22 Dec 2013
Seven articles by George Cary Eggleston published in the Atlantic, June-December, 1874.
Part 1, The Mustering:
With all its horrors and in spite of the wretchedness it has wrought, this war of ours, in some of its aspects at least, begins to look like a very ridiculous affair, now that we are getting too far away from it to hear the rattle of the musketry; and I have a mind, in this chapter, to review one of its most ridiculous phases, to wit, its beginning. We all remember Mr. Webster’s pithy putting of the case with regard to our forefathers of a hundred years ago: “They went to war against a preamble. They fought seven years against a declaration. They poured out their treasures and their blood like water, in a contest in opposition to an assertion.” Now it seems to me that something very much like this might be said of the Southerners, and particularly of the Virginians, without whose pluck and pith there could have been no war at all worth writing or talking about. They made war upon a catch-word, and fought until they were hopelessly ruined for the sake of an abstraction. And certainly history will not find it to the discredit of those people that they freely offered themselves upon the altar of an abstract principle of right, in a war which they knew must work hopeless ruin to themselves, whatever its other results might be. Virginia did not want to secede, and her decision to this effect was given in the election of a convention composed for the most part of men strongly opposed to secession. …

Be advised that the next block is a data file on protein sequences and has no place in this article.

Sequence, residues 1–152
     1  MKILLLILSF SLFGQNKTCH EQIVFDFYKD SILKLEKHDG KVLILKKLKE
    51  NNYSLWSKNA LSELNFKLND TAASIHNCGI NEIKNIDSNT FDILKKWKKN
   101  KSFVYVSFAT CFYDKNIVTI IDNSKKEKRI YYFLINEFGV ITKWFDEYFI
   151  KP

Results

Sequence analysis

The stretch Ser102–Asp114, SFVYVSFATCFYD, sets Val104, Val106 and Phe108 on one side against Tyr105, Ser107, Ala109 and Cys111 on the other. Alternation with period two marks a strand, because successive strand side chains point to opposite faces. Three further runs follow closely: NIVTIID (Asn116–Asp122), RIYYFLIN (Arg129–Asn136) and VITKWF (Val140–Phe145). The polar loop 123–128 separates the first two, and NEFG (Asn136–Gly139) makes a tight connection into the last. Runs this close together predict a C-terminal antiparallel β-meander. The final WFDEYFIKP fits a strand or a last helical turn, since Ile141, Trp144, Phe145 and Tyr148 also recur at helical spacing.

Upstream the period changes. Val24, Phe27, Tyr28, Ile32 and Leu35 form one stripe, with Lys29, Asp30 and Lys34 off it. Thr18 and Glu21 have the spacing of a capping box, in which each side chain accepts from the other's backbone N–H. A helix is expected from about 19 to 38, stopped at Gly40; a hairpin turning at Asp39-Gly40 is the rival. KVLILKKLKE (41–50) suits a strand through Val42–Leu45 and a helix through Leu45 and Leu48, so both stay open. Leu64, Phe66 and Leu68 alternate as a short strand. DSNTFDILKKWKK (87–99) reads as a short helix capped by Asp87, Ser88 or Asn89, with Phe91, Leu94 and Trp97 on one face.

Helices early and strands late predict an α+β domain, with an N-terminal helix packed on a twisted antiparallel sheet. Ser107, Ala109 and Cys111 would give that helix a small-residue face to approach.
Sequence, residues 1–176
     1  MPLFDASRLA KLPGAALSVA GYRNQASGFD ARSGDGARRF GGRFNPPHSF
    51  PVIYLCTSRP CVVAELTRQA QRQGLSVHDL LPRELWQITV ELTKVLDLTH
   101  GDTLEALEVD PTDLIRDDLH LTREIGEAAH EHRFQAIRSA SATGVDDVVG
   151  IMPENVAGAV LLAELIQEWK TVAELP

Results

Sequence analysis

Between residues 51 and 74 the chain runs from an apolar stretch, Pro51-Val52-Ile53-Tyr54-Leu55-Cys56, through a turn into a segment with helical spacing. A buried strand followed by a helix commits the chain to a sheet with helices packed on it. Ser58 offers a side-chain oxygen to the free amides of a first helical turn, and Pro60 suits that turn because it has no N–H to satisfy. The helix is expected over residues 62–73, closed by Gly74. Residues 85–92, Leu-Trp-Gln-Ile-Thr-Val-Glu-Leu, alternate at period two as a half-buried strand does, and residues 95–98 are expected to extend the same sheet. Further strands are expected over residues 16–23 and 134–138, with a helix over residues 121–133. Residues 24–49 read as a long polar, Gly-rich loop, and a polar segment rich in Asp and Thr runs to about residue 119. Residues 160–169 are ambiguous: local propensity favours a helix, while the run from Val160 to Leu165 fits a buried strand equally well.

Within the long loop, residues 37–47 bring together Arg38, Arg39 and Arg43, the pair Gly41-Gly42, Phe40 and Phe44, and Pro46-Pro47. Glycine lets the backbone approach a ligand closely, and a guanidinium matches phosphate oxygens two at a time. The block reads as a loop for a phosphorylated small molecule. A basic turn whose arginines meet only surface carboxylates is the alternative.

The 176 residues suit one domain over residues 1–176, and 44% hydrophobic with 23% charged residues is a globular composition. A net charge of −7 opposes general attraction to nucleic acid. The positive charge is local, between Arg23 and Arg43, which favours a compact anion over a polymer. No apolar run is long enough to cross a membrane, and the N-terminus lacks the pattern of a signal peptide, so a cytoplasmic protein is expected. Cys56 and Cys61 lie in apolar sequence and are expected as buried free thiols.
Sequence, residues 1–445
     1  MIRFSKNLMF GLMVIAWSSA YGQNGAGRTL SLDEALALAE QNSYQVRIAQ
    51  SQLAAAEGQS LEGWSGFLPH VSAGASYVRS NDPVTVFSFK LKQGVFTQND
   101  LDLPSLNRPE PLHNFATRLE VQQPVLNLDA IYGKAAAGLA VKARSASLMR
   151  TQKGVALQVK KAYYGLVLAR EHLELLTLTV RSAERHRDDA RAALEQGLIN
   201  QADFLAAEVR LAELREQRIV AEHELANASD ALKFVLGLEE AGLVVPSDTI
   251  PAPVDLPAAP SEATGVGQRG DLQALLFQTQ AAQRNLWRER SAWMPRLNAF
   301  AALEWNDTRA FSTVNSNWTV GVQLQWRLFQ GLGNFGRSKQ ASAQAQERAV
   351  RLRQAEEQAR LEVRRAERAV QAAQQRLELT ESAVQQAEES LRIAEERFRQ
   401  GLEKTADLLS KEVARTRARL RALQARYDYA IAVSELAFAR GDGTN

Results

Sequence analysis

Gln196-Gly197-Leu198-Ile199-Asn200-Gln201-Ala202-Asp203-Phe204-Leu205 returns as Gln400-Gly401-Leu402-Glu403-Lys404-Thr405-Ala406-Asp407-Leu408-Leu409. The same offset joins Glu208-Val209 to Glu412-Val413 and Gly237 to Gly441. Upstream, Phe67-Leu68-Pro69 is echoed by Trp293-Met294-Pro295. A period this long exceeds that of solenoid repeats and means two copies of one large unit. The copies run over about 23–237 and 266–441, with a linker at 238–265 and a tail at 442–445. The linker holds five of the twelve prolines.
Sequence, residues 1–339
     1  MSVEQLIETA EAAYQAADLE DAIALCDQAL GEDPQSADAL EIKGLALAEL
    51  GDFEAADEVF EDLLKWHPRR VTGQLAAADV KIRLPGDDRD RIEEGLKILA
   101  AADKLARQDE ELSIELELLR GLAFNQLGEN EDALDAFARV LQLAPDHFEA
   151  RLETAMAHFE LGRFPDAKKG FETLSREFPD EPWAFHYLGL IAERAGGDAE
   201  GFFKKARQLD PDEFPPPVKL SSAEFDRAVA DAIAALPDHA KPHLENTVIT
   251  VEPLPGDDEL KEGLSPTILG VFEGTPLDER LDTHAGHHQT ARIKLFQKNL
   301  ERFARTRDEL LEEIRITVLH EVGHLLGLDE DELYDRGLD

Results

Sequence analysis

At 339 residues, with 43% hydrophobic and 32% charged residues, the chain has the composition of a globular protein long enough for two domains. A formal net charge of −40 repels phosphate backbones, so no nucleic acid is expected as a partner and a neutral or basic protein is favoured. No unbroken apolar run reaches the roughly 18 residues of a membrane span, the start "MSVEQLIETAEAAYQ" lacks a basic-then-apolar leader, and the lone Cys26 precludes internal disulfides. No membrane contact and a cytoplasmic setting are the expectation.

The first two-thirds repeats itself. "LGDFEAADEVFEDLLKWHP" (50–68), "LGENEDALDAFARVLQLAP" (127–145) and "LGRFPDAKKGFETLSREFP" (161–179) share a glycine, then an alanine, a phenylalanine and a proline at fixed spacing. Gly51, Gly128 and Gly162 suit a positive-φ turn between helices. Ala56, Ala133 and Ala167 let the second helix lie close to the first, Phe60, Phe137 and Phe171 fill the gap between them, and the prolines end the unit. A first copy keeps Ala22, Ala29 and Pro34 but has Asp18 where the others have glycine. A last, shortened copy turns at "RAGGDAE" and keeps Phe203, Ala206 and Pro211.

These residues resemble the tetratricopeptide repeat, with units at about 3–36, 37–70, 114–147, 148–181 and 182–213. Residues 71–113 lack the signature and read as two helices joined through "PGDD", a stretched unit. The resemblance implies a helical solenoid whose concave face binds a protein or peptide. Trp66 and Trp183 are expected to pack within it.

Why, then, the reader doubtless asks, if this was the temper of the Virginians, did Virginia secede after all? I answer, because circumstances ultimately so placed the Virginians that they could not, without cowardice and dishonor, do otherwise; and the Virginians are brave men and honorable ones. They believed, as I have said, in the abstract right of any State to secede at will. Indeed, this right was to them as wholly unquestioned and unquestionable as is the right of the States to establish free schools, or to do any other thing pertaining to local self-government. The question of the correctness or incorrectness of the doctrine is not now to the purpose. The Virginians, almost without an exception, believed and had always believed it absolutely, and believing it, they held of necessity that the general government had no right, legal or moral, to coerce a seceding State; and so, when the President called upon Virginia for her quota of troops with which to compel the return of the seceding States, she could not possibly obey without doing that which her people believed to be an outrage upon the rights of sister commonwealths, for which, as they held, there was no warrant in law or equity.